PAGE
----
Murmur offers a taste of bold experimental filmmaking surrounding the connections between humans and the animals in our lives. Documentary-narrative feature hybrids are starting to become more of a thing. The main focus in this film is Donna (Shan MacDonald). Donna is an alcoholic and following a recent DUI charge, she’s been ordered to perform community service. Her community service obligations find her serving or time at an animal rescue shelter. While putting in her…"Toronto 2019: Murmur"
When a single mom invites her ex-husband’s wife and daughter to live with her, a rather interesting family dynamic begins to form in The Rest of Us. Aisling Chin-Yee makes her feature directorial debut with a story about a complex relationship. When Cami’s (Heather Graham) ex-husband, Craig, tragically passes away, she invites Rachel (Jodi Balfour) and her young daughter, Talulah (Abigail Pniowsky) to move into her house. If it must be said, Rachel is much…"Toronto 2019: The Rest of Us"
The Barefoot Emperor is a satirical film about forming a new Europe and is very fitting given the current political climate. Nicolas III (Peter Van den Begin) is so close to being able to get back home to Belgium. The only thing standing between him and members of the Belgian military retrieving him is a re-enactment of Austrian Archduke Franz Ferdinand’s 1914 assassination. Anything that can go wrong will go wrong! Of course, he gets…"Toronto 2019: The Barefoot Emperor"
American Son makes the transition from the stage to screen with a powerful performance from Kerry Washington while still feeling theatrical in scale. Kendra Ellis-Connor (Kerry Washington) is a worried mother. Her son, Jamal, has been missing for a few hours. As she sits in the Miami police state, the anger begins to start flowing. How is a mother expected to stay calm when the calms hardly tell her anything. Forget a missing persons report…"Toronto 2019: American Son"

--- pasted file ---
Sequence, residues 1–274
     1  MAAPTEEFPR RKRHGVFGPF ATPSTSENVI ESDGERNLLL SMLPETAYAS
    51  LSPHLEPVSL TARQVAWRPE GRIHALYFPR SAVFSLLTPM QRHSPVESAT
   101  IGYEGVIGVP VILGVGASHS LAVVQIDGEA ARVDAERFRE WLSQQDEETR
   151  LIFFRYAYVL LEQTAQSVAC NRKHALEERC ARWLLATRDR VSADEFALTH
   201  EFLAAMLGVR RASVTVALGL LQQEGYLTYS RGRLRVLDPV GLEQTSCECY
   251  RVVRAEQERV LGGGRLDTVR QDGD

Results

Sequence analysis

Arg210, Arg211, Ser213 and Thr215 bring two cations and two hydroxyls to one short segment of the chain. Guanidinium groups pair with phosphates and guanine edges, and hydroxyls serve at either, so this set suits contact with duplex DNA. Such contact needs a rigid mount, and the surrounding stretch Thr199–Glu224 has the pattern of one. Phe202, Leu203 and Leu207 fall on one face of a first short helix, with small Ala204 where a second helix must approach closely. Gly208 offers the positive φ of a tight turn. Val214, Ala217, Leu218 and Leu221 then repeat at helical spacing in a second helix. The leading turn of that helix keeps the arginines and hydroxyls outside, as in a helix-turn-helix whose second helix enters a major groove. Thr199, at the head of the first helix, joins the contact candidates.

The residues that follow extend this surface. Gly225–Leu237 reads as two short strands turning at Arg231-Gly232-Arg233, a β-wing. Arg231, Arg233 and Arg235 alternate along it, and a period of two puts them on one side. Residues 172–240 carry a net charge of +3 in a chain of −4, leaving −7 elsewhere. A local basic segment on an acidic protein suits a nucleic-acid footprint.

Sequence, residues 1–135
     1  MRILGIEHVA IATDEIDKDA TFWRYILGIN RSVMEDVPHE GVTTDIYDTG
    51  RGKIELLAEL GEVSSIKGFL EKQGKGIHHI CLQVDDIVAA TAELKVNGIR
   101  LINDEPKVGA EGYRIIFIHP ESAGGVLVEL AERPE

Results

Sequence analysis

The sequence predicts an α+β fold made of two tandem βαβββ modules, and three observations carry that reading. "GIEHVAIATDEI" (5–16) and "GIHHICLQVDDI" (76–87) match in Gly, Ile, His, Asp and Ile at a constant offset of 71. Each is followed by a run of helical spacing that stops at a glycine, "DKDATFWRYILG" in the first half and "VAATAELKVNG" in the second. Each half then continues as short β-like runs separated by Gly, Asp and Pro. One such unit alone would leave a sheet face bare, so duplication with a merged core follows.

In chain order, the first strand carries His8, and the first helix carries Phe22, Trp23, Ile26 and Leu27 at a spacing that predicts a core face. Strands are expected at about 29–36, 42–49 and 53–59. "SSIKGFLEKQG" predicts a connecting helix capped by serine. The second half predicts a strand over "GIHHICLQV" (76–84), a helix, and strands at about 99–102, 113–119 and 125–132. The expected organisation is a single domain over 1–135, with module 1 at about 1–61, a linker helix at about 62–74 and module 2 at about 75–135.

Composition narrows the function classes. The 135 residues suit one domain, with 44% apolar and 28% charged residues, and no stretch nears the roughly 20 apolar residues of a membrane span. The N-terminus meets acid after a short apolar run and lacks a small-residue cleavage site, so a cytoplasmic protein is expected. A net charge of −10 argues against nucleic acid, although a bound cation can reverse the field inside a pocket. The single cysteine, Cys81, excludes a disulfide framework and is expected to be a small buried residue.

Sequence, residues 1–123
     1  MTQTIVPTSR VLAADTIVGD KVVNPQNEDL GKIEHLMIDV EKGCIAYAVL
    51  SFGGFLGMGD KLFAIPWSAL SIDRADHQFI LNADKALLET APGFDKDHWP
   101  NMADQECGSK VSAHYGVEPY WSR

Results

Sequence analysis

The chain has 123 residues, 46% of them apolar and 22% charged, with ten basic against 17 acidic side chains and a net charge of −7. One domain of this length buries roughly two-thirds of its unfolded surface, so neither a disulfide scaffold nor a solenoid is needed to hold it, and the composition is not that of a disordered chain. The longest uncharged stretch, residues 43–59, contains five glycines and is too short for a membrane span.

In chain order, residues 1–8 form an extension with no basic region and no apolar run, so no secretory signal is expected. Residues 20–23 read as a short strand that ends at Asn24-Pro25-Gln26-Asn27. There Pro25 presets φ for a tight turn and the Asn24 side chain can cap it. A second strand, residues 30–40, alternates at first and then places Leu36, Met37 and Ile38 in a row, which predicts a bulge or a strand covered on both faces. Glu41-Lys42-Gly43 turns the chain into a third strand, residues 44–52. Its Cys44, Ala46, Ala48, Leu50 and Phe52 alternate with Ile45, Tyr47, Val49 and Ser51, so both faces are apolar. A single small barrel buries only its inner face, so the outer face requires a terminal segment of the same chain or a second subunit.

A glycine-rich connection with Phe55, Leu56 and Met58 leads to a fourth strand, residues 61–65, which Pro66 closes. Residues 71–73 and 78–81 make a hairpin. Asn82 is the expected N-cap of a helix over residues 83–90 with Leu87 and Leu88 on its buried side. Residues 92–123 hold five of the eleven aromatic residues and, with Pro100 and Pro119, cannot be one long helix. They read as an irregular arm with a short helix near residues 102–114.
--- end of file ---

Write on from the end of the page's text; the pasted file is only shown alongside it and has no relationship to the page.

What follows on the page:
Coppers is an informative film with regards to the psychological toll that police officers undergo but the film doesn’t break new ground in the genre. Thirteen retired police officers share stories from their careers working the beat. Some of them share stories about their home life as result of growing up in a cop house or serving on the force themselves. One retired woman said that police officers tend to be “control freaks.” Should they…"Toronto 2019: Coppers"
Sea Fever offers viewers a genre hybrid but the film is more so on the thinking person’s level than being an action-packed adventure. Siobhán (Hermoine Corfield) is a solitary marine biology student. Because of her studies, she soon finds herself on a fishing trawler for a week. She’s a student who generally feels more at home when she’s working in the lab. Regardless of what her preferences may be, she is a redhead and this…"Toronto 2019: Sea Fever"
Clifton Hill is a psychological thriller that strangely enough also serves as a love letter of sorts to the city of Niagara Falls (Canada). Memory can be an interesting thing. When Abby (Tuppence Middleton) returns to Niagara Falls after her mother’s death, it leads to some stressful relations with sister Laure (Hannah Gross). It’s already bad enough that their mom’s hotel, The Rainbow Inn, is likely to be closed. Neither Abby nor her sister, Laure…"Toronto 2019: Clifton Hill"
Amy Jo Johnson’s sophomore feature, Tammy’s Always Dying, follows a working-class daughter as she cares for her alcoholic mother. Catherine “Cathy” MacDonald (Anastasia Phillips) works at a hotel bar to make ends meet. When she isn’t doing this, she is taking care of her alcoholic mother, Tammy (Felicity Huffman). It isn’t the best way to go about life but Cathy does her best. At the bar, Cathy has the freedom to be whoever she wants…"Toronto 2019: Tammy’s Always Dying"
Antonio Banderas delivers a stand-out performance as filmmaker Salvador Mallo in Pain and Glory as the film hits up the fall film festivals. A winner of Best Actor at Cannes, Pain and Glory hits both Telluride and Toronto on its way to a theatrical release in October. Pedro Almodóvar turns in a bold script here. Put it this way–hours after watching the film, I still struggled with what to say about it. On the one…"Toronto 2019: Pain and Glory"
The Father is about as dark and comedic as a film could possibly be when it comes to a husband suffering from the loss of his wife. I watched a number of films going into the festival but what struck me the most is the number of films dealing with death. Everyone responds to death differently. While one family member can go into a depression, another will go about their life acting as if nothing…"Toronto 2019: The Father"